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Grace Baron: Fearless Optimist

I’ve never feared death -- it does, after all, find everyone -- and even in the closest and most emotionally charged situations (for example, the months leading up to my father’s death) I handle impending death with pragmatism: make person comfortable, help resolve logistical matters, run errands, bring yummy food, listen, tell a good story if needed.

But when it comes to the death itself, I wade in raw, primordial grief. My chest tightens until it’s hard to breathe. The tears spill over quickly and at unexpected moments. A reel of moments and memories immediately starts running in my head. I kick myself over lapses in communication. I search for old correspondence and photos and cry some more.

Yesterday I learned that one of my beloved psychology professors from Wheaton College died after a battle with cancer. Grace Baron was my general advisor in psychology, and also agreed to serve as advisor on my capstone senior research project.

Grace taking me on in the latter advisory role is perfectly reflective of her fearless optimism and intellectual curiosity. Psychology has many divisions. Grace’s domain was behavioral psychology (specializing in autism), whereas I wanted to study perceptual/cognitive psychology (specializing in music). But instead of dismissing my interests or shoehorning me into hers, when I asked Grace whether she would be willing to mentor me, she said something along the lines of, “Well, you can never stop learning! Let’s do this together!” Not long after our first meeting, she marched me over to the college library and taught me how to do a literature search so we could start developing my research project.

When I reflect on that period of time -- now 21 years ago -- I cannot believe the gift the universe gave me in Grace. We connected during a particularly tumultuous time in my life. I was dealing with intense family chaos. I was untangling myself from a long-term abusive relationship (and residual eating disorder). I was oscillating at a pretty high stress level as I worked to put myself through college and maintain grades deserving of scholarship funding. I put on a good face, but inside, I pretty much felt like a lunatic.

Grace did not know about most of these shenanigans, but her enthusiasm, support, and calm demeanor provided the salve I needed to rise from the maelstrom and move my life forward. Though I suspect she could sense my inner lunatic, she did not feed it; instead, she focused on nurturing the shards of hope, curiosity, and drive living within the negative space of my lunacy. And on a purely academic level, the project I forged with Grace represented the beginning of my life as an academic. It illuminated the path of scientific inquiry. It paved my way to graduate school. The seeds of what I started with Grace evolved into a larger, multi-experiment dissertation that won funding from the National Institutes of Health. And oh did I call up Grace’s fearless optimism many, many times while I toiled through my postdoctoral fellowship at Harvard/MIT.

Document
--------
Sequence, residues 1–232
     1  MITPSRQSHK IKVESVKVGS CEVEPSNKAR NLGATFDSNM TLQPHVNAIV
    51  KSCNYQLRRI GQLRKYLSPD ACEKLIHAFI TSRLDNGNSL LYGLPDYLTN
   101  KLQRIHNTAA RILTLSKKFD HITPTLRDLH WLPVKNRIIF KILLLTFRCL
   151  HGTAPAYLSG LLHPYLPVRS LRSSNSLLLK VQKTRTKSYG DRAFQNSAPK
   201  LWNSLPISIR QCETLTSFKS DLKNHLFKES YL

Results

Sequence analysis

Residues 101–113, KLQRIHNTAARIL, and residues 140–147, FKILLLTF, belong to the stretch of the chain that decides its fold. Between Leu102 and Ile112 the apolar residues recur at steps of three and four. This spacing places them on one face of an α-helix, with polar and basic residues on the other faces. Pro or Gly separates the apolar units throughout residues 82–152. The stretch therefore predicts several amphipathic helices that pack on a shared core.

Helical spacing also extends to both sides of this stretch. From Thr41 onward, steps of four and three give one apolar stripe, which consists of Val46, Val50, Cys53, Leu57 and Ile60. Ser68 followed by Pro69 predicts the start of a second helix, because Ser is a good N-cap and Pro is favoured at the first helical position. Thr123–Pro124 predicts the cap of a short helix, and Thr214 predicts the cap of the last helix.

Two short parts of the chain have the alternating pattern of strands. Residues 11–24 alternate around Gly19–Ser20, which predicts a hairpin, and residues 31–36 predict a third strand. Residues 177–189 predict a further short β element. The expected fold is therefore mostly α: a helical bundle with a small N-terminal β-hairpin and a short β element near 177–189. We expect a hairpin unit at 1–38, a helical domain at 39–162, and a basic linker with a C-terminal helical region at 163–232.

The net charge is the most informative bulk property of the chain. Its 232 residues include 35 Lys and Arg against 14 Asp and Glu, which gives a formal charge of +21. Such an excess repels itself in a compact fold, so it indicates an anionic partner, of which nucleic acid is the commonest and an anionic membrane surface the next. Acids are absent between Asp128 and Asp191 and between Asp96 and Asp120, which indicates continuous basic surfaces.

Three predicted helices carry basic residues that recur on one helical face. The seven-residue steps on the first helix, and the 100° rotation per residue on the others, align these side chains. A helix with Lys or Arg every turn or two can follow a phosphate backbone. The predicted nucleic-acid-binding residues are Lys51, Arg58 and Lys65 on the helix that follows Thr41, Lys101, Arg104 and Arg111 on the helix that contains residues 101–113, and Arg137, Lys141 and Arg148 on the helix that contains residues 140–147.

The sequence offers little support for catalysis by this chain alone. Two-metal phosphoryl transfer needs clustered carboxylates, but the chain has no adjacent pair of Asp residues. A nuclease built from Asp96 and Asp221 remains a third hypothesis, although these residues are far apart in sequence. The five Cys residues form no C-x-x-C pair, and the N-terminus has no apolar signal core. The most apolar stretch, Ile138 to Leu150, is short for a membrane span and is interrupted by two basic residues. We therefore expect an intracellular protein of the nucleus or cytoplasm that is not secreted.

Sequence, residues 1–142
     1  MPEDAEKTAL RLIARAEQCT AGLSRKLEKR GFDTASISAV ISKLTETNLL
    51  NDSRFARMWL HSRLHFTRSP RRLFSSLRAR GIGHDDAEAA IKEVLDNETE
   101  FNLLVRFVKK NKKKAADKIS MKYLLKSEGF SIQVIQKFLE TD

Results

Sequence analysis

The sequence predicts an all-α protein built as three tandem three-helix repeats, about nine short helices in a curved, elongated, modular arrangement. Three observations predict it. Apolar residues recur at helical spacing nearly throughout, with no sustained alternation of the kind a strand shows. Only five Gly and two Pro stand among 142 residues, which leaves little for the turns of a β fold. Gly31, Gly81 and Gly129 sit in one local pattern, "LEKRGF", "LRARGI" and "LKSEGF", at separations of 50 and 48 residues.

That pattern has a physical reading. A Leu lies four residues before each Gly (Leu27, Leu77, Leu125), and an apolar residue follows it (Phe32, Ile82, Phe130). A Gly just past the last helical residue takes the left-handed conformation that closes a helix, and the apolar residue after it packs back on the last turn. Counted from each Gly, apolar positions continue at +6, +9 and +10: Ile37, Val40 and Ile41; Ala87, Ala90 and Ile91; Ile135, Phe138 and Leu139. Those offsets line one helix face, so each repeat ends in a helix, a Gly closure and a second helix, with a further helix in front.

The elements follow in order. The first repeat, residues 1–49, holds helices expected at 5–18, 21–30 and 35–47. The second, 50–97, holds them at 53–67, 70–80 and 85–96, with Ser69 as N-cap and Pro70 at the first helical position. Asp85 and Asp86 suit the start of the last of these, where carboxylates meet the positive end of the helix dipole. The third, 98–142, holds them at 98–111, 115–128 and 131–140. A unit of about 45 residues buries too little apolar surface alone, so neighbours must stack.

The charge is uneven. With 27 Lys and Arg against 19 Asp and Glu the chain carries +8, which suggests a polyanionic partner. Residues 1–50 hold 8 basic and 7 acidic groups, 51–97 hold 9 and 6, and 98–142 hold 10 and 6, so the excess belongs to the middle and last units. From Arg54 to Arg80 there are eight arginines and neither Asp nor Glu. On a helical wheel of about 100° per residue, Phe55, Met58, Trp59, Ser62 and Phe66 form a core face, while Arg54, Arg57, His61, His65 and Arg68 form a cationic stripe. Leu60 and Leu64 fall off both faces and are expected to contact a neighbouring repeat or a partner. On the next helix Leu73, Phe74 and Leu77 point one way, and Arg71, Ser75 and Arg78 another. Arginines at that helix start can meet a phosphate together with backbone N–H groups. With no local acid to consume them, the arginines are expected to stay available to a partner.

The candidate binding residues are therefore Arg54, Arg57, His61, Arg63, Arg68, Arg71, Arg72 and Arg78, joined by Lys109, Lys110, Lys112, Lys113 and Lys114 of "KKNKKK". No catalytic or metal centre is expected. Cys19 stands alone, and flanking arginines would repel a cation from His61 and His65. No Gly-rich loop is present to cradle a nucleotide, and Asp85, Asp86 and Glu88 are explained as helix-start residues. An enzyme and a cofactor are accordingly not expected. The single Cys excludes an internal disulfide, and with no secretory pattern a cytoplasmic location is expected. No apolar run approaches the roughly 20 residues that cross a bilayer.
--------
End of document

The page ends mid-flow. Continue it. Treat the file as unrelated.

Yesterday’s news unleashed my raw, primordial grief and sent me on an archaeological dig in my basement for photos. While Laurel and Violet bounced around preparing a gymnastics routine, I silently wept with each reminder of how Grace supported me personally and professionally over the last 21 years. Regret gnawed at my core as I thought about the letter I meant to send when I learned of her husband’s death earlier this I struggled to remember the last time I saw her in person.

I am very, very good at beating myself up over such things, but thanks to Grace I know that in this moment, I need to let go of the inner lunatic; that the best way I can honor her spirit, our relationship, and all the gifts she gave me is to move forward and live a life replete with kindness, generosity, creativity, and fearless optimism.

Thank you for showing me the way, Grace.

With professors Grace Baron and Ann Sears at the Wheaton College Academic Festival in 1995.

With professors Grace Baron and Ann Sears at the Wheaton College Academic Festival in 1995.